How Student Loans Have Changed in the Past 10 Years
Student loans are a bit tricky for most college students to understand and really internalize. Not understanding fully, or really knowing how to use student loans can be an incredibly detrimental factor in the success or failure of college students after graduation. There are a few ways that student loans have changed over the years that students should be aware of when considering the new loans that are now available to students everywhere.
In the past, student loans were paid out directly to the university for the exact amount of tuition with little to no money given to students to cover costs and books. This has since changed and many loans now pay out directly to the university for the sum of tuition and then the remainder of the loan is transferred to the student for other expenses.
Pay Out options are also now available in the form of checks and prepaid visa and master cards where in past years check was the only option for payout. It is important for students to talk to a financial advisor either at the school they will be attending or at the loan institution to be sure that their payout will come when needed. Also, students should confirm the loan would cover all the expenses that are going to be incurred during the course of that term or year in school.
Subsidized and Unsubsidized Loans
In past years students were able to receive both unsubsidized and subsidized loans meaning that they could either take out loans that required immediate repayment upon taking out the loan or that were stayed until graduation or as long as the student was enrolled at least half time. Now, graduate students are generally no longer afforded the subsidized loans and are required to take out unsubsidized loans that must be paid as soon as they have been taken out. Also, many times the six-month grace period on interest that has been previously extended to students is no longer in place, which means that as soon as a student graduates, payments are required with interest tacked on.
Early Pay Off Incentives
Many loans offer incentives or bonuses to those that pay off their loans ahead of schedule, most loans have done away with this incentive for loans that have been taken out after July, 1, 2012. These loans can no longer offer incentives for those that have paid off their loans early save for in lower interest rates on auto payments. This means that the only way students can get any sort of benefit for paying off early is through the establishment of auto payments from a checking account each month. This may be beneficial for some but for those that do not have money in their accounts at the time of the payment due date, it can signal disaster.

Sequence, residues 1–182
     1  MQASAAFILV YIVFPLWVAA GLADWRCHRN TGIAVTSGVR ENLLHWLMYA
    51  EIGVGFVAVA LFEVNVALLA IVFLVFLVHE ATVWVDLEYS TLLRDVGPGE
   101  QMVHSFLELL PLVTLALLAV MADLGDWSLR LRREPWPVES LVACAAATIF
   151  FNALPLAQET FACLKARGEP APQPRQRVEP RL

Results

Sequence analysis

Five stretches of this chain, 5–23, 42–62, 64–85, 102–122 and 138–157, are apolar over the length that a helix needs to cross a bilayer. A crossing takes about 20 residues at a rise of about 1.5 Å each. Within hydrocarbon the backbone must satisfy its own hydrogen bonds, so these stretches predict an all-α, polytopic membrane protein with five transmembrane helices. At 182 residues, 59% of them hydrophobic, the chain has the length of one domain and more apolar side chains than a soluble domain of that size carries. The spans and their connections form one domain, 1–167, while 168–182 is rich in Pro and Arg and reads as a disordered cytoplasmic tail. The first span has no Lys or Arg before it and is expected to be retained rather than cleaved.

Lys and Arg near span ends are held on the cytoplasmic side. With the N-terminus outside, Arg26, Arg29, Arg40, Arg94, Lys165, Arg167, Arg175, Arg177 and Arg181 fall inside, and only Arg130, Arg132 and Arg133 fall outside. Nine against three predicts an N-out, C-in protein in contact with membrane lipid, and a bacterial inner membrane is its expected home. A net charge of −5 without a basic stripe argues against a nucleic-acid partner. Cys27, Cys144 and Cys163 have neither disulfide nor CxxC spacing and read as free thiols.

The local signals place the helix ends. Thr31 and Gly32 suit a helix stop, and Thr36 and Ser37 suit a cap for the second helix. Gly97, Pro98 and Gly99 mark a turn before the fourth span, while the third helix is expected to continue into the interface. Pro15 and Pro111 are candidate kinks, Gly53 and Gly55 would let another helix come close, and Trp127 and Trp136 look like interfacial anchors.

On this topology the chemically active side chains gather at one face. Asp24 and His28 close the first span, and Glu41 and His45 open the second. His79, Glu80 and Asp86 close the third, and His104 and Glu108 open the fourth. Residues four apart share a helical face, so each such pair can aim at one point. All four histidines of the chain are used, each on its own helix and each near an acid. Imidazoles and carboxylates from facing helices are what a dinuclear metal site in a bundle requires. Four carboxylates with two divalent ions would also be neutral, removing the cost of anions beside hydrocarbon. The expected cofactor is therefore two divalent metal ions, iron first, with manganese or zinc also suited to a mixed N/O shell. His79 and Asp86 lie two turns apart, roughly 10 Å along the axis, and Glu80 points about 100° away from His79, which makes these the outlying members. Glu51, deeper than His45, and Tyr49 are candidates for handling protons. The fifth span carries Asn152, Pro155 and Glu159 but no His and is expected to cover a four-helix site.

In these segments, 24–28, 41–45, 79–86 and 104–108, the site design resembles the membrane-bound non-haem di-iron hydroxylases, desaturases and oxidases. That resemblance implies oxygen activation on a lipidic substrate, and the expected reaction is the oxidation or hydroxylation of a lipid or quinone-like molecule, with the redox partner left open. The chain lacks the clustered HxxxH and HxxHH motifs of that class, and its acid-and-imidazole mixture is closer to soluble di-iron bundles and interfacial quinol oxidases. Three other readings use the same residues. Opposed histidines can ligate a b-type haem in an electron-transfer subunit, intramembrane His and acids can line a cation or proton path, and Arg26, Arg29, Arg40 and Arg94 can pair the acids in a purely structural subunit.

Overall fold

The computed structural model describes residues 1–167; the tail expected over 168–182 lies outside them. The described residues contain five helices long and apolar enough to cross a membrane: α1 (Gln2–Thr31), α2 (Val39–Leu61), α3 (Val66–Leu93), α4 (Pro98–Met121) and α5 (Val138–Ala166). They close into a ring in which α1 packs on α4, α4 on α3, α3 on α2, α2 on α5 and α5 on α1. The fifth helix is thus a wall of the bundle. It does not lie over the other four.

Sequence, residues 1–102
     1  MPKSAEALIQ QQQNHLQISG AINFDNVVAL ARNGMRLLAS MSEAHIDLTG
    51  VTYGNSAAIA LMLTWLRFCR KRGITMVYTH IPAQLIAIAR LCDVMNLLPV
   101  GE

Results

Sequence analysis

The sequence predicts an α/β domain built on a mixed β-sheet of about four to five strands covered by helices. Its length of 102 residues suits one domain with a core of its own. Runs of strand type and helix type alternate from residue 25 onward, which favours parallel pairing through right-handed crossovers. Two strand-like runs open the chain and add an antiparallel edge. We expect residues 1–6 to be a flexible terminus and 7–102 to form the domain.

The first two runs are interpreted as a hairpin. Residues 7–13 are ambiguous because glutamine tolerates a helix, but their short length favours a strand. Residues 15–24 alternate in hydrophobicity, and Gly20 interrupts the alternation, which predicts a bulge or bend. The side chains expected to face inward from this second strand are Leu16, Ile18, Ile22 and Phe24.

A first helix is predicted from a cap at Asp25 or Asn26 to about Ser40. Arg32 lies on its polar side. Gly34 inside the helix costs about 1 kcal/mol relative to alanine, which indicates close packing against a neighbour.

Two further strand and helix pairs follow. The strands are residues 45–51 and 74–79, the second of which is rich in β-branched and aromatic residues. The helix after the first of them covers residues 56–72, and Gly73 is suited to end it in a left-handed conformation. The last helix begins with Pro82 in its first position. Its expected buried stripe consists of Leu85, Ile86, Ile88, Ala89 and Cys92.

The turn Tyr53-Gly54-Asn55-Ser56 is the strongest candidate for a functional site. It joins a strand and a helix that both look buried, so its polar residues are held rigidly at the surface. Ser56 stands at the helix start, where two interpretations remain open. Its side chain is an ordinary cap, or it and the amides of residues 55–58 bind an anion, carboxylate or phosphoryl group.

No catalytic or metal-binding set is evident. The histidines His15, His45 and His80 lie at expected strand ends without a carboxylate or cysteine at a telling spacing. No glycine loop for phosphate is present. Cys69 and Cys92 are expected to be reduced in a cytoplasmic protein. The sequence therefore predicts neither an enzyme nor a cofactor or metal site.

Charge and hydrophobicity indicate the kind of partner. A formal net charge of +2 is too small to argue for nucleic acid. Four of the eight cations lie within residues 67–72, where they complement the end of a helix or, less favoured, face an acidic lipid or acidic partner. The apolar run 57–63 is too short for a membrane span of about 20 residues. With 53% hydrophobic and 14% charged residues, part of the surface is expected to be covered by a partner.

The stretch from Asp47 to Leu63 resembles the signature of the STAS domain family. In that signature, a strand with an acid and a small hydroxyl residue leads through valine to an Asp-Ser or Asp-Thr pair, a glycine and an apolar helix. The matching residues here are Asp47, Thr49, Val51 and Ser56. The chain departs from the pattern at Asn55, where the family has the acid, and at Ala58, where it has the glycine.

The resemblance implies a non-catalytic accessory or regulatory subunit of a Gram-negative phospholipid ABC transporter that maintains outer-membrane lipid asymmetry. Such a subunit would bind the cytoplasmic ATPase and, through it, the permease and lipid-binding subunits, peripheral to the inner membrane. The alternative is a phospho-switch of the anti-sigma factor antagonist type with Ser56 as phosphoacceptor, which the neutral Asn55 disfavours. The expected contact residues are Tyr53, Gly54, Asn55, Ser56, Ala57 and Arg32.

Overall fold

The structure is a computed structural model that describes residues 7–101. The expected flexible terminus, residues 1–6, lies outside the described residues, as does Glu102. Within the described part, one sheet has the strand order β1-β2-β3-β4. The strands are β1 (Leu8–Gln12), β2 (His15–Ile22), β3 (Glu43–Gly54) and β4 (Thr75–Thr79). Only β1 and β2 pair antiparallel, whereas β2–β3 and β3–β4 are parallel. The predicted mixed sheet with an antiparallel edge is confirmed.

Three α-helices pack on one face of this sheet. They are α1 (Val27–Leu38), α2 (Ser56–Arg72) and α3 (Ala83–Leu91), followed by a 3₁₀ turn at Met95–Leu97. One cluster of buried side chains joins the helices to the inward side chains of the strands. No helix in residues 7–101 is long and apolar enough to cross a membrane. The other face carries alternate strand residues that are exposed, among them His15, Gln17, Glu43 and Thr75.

Decrease of Eligibility
In past years nearly every student was eligible for a student loan of some type to help them through college, now, the restrictions regarding loans are more stringent and many students are not eligible for student loans that may have been prior to 2012. These restrictions are focused on amount of time that the student is enrolled in school, income of the student, and stricter requirements for cosigners. These changes are not blanket for all loans but do affect many loans that most students tend to take out when applying for college. It is beneficial to talk to a financial aid officer or to inquire about loans through the federal financial aid program to see what loans may be available and which loans are not.
Ryan Ayers is a writer who creates informative articles related to education. This article explains how students loans are different now than they were in the past and aims to encourage further study with a Masters in History Online.